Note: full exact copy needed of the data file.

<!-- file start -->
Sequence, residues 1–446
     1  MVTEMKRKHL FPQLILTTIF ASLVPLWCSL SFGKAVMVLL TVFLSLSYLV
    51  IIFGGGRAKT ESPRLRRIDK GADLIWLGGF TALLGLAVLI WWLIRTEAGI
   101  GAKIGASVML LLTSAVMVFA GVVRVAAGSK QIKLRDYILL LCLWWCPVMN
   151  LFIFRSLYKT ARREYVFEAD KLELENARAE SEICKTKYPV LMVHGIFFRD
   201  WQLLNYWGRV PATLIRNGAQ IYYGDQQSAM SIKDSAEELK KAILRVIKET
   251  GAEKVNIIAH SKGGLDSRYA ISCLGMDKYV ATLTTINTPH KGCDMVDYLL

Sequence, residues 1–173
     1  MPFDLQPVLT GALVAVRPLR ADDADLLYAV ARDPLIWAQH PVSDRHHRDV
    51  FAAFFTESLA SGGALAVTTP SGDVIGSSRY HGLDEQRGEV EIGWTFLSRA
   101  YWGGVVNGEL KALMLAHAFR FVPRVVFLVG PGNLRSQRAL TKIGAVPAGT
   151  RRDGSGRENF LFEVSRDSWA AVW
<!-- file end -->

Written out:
Sequence, residues 1–446
     1  MVTEMKRKHL FPQLILTTIF ASLVPLWCSL SFGKAVMVLL TVFLSLSYLV
    51  IIFGGGRAKT ESPRLRRIDK GADLIWLGGF TALLGLAVLI WWLIRTEAGI
   101  GAKIGASVML LLTSAVMVFA GVVRVAAGSK QIKLRDYILL LCLWWCPVMN
   151  LFIFRSLYKT ARREYVFEAD KLELENARAE SEICKTKYPV LMVHGIFFRD
   201  WQLLNYWGRV PATLIRNGAQ IYYGDQQSAM SIKDSAEELK KAILRVIKET
   251  GAEKVNIIAH SKGGLDSRYA ISCLGMDKYV ATLTTINTPH KGCDMVDYLL

Sequence, residues 1–173
     1  MPFDLQPVLT GALVAVRPLR ADDADLLYAV ARDPLIWAQH PVSDRHHRDV
    51  FAAFFTESLA SGGALAVTTP SGDVIGSSRY HGLDEQRGEV EIGWTFLSRA
   101  YWGGVVNGEL KALMLAHAFR FVPRVVFLVG PGNLRSQRAL TKIGAVPAGT
   151  RRDGSGRENF LFEVSRDSWA AVW